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I don't know whether this sort of thing exists (yet) outside of Xcode/ObjC/Swift... but if it doesn't already, surely it will soon.

But with Xcode 6, we can set up classes as "IBDesignable" and give them "IBInspectable" properties. The result is, when we make a element on the interface builder a custom class that is marked as IBDesignable, the interface builder itself will render the object as it would be drawn if you were to compile and run this code. But it does this without you running your full application.

Moreover, with the IBInspectable properties, through interface builder we can set runtime attributes for the object, such as border color, or whatever. This is different from setting a default value for the property as you might have done before. I can set these properties individually per object (of this same type). Interface builder renders the object with the effects of this property in mind, and when I run my application for real, it will also render the object with the same properties.

To this end, Apple has even introduced a method, prepareForInterfaceBuilder and a pre-compiler directive, TARGET_INTERFACE_BUILDER that allows the user to write code that will never be executed by the real application, but that the interface builder can use to set up a preview of the object.

This is actual working code. And some of it is code that will actually be executed by the real app (for example, drawRect is the method used every time the UI wants to refresh your object, but interface builder also executes this method). But more importantly, for at least me, there's a definite urge to want my interface builder code to work and look really good. If I develop a library of UI objects that I want to distribute to developers, I can make that library significantly better by giving them live-rendered previews of the objects they're playing with right in interface builder so they don't have to go through the effort of compiling their app then getting to the scene that has this custom object just to see how it looks.

I think a tag for this sort of code might be appropriate. It would certainly be applicable to and questions using IBDesignable in Xcode. It could be applicable to questions involving the XML for an Android layout. Beyond this, I'm not sure of any currently existing IDEs that will do live rendering like Xcode is doing now, but I'd be surprised if we didn't start seeing it more (if it's not already out there--I don't know).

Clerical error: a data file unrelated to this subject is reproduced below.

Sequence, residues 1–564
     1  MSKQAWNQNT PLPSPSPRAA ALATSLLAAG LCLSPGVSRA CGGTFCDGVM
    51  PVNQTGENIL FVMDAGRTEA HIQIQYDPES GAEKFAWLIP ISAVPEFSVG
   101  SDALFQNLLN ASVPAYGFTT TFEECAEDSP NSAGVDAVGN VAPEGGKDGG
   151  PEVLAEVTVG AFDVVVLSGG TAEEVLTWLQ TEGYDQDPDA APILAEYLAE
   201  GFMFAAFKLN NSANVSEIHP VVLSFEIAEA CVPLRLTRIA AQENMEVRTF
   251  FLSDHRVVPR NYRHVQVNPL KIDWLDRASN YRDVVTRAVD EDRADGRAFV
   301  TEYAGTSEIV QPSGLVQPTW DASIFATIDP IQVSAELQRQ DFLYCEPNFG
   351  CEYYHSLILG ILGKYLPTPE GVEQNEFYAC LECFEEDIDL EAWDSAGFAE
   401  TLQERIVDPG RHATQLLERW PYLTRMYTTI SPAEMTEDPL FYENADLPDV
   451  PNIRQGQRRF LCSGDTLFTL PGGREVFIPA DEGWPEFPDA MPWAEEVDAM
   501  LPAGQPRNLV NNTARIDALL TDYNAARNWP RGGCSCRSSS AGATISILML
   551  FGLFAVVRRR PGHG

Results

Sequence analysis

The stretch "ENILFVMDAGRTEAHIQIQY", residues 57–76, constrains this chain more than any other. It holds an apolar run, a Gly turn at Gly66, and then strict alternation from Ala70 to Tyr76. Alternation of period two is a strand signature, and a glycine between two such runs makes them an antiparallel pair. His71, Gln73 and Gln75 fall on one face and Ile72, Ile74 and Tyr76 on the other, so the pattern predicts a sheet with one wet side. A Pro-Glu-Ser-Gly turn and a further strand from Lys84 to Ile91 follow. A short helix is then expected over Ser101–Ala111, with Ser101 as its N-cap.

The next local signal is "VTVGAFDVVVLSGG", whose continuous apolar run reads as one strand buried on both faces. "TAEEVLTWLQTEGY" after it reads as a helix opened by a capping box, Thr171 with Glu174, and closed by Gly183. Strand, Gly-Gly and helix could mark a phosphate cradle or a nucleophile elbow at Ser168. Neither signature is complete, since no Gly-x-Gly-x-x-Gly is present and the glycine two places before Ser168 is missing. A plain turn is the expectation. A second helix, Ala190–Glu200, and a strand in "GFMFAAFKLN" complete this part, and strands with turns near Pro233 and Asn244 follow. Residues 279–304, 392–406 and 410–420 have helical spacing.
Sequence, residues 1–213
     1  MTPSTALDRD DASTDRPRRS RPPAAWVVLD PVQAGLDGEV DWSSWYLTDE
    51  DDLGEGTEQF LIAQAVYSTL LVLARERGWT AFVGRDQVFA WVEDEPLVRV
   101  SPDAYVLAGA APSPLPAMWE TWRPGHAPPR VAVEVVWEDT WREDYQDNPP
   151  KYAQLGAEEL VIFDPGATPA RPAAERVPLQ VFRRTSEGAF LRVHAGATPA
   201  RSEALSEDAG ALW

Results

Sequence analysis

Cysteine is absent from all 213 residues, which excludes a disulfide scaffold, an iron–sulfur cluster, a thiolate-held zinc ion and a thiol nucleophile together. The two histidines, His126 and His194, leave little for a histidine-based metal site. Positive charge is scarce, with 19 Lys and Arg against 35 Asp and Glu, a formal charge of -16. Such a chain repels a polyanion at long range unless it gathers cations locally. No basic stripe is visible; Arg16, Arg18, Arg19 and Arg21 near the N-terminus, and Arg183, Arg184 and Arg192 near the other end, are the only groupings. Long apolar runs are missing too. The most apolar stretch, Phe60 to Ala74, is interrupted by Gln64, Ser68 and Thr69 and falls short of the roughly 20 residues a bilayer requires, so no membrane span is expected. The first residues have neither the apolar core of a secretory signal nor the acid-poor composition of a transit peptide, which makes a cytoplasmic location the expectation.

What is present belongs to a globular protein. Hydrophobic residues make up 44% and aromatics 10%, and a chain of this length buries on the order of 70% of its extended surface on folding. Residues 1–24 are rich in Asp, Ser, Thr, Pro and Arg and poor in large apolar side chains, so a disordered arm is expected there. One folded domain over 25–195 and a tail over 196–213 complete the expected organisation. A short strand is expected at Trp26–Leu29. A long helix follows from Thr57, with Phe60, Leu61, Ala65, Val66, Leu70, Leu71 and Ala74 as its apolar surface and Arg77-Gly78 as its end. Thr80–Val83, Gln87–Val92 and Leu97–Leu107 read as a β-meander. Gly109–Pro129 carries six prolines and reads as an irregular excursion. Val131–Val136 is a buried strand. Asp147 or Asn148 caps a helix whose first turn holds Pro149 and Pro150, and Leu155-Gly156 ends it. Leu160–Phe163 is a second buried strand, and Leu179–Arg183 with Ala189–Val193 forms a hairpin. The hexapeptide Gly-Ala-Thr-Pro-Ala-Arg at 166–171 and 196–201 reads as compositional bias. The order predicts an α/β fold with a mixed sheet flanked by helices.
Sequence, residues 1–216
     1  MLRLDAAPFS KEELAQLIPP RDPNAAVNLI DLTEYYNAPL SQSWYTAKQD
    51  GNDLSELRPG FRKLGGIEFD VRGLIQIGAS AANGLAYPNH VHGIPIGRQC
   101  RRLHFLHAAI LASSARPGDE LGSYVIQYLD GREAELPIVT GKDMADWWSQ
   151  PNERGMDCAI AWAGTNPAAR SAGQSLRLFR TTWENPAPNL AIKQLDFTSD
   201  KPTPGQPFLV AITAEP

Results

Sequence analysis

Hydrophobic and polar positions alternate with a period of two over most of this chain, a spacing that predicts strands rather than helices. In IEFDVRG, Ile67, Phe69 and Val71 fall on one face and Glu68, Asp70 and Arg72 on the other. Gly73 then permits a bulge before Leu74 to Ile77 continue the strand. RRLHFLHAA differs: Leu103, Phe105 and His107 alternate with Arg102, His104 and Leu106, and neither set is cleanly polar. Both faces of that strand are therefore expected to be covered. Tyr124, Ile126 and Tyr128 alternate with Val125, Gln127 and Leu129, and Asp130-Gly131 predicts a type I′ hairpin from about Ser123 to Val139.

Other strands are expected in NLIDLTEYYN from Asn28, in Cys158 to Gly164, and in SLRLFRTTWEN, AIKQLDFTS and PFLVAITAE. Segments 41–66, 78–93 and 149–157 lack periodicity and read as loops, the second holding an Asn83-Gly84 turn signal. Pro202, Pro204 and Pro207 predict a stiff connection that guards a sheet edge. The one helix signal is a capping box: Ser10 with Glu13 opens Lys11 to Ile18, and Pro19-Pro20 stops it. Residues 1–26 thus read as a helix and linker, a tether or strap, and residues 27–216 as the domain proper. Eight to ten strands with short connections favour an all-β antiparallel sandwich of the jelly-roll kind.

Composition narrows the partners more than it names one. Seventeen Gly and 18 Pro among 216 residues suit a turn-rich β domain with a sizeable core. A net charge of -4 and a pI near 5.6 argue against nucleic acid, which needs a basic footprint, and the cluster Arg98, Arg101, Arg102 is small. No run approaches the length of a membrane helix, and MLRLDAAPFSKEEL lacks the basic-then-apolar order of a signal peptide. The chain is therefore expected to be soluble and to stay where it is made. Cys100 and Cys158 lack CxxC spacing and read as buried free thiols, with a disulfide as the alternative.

As an example of a question that this tag would be appropriate for: IBDesignable UICheckbox

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  • \$\begingroup\$ If it helps… we currently have layout. We have questions awkwardly tagged with android xml layout. Stack Overflow has android-layout and ibdesignable. \$\endgroup\$ – 200_success Nov 7 '14 at 23:34
  • \$\begingroup\$ I'm aware of ibdesignable. There's also ibinspectable on Stack Overflow. I wasn't sure if those were good here or not. "IB Designable" seems to make sense for what we're talking about, but it's also exactly the ObjC/Swift keyword for designating a class that works in this way... I'm not sure if other languages/IDEs word work this way. layout doesn't seem very good. There's also user-interface which is used in the example question I linked (while layout is not). \$\endgroup\$ – nhgrif Nov 8 '14 at 1:21
  • \$\begingroup\$ Ultimately, with the sort of question I have in mind, the actual compiled application running of the UI object is important, of course, but the idea here is that how a developer is able to interact with that element in IB is equally important, either because the code is code that will be reused numerous times in the writer's codebase, or because the writer intends this as part of a 3rd party framework to make available to other developers. \$\endgroup\$ – nhgrif Nov 8 '14 at 1:24
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I'm not aware of another language that uses this paradigm (although, that could simply be my own ignorance). So, I would just create the Tag. If (when?) other languages pick up on the concept it can be addressed with a synonym of whatever is decided describes the generic concept.

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